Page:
The indifferent wind ran through the Aeolian saw-blades of the former mill-town. Thick wet mud left only a few roads passable in the surrounding countryside. Big-boned, intrepid Anna braved narrow gravel passageways to deliver firewood and sarcastic cheer to the acne-scarred denizens of Acacia Country. They bought their guitar magazines and treatises on apophatic theology in the convenience store run by the unenigmatic Miles. Taking off her gloves, Anna answered his muttered greeting with a withering look--there was no other kind of "look" in the county, no other kind of "greeting" for that matter.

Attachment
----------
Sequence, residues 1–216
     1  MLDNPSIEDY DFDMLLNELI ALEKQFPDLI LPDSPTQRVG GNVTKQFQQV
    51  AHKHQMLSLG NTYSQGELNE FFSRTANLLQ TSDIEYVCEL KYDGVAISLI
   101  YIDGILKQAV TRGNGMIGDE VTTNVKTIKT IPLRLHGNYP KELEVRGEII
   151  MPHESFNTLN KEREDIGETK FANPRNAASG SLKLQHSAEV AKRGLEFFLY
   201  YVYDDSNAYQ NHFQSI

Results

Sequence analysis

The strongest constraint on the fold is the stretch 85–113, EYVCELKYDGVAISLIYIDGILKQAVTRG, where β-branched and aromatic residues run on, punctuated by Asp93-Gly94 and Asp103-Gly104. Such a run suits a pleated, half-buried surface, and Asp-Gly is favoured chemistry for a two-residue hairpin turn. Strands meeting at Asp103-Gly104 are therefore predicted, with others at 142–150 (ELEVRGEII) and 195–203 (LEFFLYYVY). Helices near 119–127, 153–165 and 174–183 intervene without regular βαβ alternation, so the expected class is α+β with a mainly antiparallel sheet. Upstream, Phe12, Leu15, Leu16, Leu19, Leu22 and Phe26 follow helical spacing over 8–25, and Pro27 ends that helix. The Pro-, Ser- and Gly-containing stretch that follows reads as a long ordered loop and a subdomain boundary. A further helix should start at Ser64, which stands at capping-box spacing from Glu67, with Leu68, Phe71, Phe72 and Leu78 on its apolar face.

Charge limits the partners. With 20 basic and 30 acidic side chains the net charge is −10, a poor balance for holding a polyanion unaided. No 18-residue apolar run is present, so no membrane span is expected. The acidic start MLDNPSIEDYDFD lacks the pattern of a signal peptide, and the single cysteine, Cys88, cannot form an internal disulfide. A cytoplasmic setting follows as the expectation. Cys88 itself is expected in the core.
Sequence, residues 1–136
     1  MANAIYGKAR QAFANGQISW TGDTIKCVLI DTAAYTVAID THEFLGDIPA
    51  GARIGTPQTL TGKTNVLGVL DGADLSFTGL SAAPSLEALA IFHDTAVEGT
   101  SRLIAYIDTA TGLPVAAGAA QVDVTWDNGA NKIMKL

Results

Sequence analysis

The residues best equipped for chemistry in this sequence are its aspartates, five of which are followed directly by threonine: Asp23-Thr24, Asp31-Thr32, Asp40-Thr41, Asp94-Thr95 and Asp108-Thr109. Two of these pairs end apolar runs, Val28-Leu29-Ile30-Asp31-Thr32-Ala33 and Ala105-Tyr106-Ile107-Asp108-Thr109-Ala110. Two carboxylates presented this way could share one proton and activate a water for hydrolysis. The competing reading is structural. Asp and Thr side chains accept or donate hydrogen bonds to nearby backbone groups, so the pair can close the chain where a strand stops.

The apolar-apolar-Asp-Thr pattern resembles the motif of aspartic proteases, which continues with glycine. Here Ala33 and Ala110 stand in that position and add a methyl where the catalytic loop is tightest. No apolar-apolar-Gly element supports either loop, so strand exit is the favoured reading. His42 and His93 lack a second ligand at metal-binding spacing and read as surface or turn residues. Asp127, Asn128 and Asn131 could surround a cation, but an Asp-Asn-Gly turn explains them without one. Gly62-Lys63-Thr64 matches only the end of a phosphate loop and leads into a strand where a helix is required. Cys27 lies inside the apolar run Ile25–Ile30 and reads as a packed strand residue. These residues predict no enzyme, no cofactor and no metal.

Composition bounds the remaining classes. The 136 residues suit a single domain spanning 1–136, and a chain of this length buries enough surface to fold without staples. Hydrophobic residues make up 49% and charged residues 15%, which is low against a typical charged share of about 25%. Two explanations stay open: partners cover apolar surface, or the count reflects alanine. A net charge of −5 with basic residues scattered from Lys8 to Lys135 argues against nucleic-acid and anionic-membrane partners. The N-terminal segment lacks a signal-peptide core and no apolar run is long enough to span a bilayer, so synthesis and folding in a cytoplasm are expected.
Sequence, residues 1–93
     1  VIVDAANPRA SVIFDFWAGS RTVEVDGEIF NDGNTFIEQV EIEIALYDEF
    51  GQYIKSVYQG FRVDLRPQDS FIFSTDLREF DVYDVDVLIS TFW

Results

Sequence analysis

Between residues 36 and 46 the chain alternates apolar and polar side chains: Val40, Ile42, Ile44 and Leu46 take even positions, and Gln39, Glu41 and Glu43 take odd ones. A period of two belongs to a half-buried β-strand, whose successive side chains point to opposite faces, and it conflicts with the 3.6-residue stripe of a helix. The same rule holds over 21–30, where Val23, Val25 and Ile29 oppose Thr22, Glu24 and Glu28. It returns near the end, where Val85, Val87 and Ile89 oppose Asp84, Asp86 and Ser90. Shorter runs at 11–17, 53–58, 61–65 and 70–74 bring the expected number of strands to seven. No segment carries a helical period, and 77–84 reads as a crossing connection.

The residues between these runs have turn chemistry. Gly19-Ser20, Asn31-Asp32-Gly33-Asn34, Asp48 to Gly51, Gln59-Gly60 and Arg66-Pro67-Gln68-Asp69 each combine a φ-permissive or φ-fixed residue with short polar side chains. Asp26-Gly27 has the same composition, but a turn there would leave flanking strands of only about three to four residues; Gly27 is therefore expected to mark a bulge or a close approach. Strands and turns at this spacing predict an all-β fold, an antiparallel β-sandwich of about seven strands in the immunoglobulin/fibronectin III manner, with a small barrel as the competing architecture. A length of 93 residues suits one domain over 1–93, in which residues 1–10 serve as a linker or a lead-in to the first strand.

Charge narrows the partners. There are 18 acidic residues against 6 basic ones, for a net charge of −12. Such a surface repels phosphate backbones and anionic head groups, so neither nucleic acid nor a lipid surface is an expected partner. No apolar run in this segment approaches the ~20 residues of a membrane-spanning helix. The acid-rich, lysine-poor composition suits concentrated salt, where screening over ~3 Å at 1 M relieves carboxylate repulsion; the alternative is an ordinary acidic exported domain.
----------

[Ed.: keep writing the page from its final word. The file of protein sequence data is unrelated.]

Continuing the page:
Artificial owls, an ineffective deterrent to English Sparrows, guarded garages and carports. A stranger finding himself unexpectedly in these environs might well be struck by the material and aesthetic impoverishment of the population. Garden-gnomes, rusted pickups, the aforementioned plastic owls, the aforementioned guitar magazines, seemed designed by some callous creator to present the image of a non-too-genteel indigence. Or maybe not... The marijuana farms, the artisanal distilleries, the mountain bike trails (when the mud dries out enough to make them usable), narrate a different account, for the more astute observer, attuned to the allusive repartee of those browsing the wares in Miles' establishment. Two or three weeks suffices to gain a superficial appreciation of the difficulty of the problem. It was three or four months after my own arrival, in fact, that I realized ...
I found this in old blog post. Apparently I wrote it.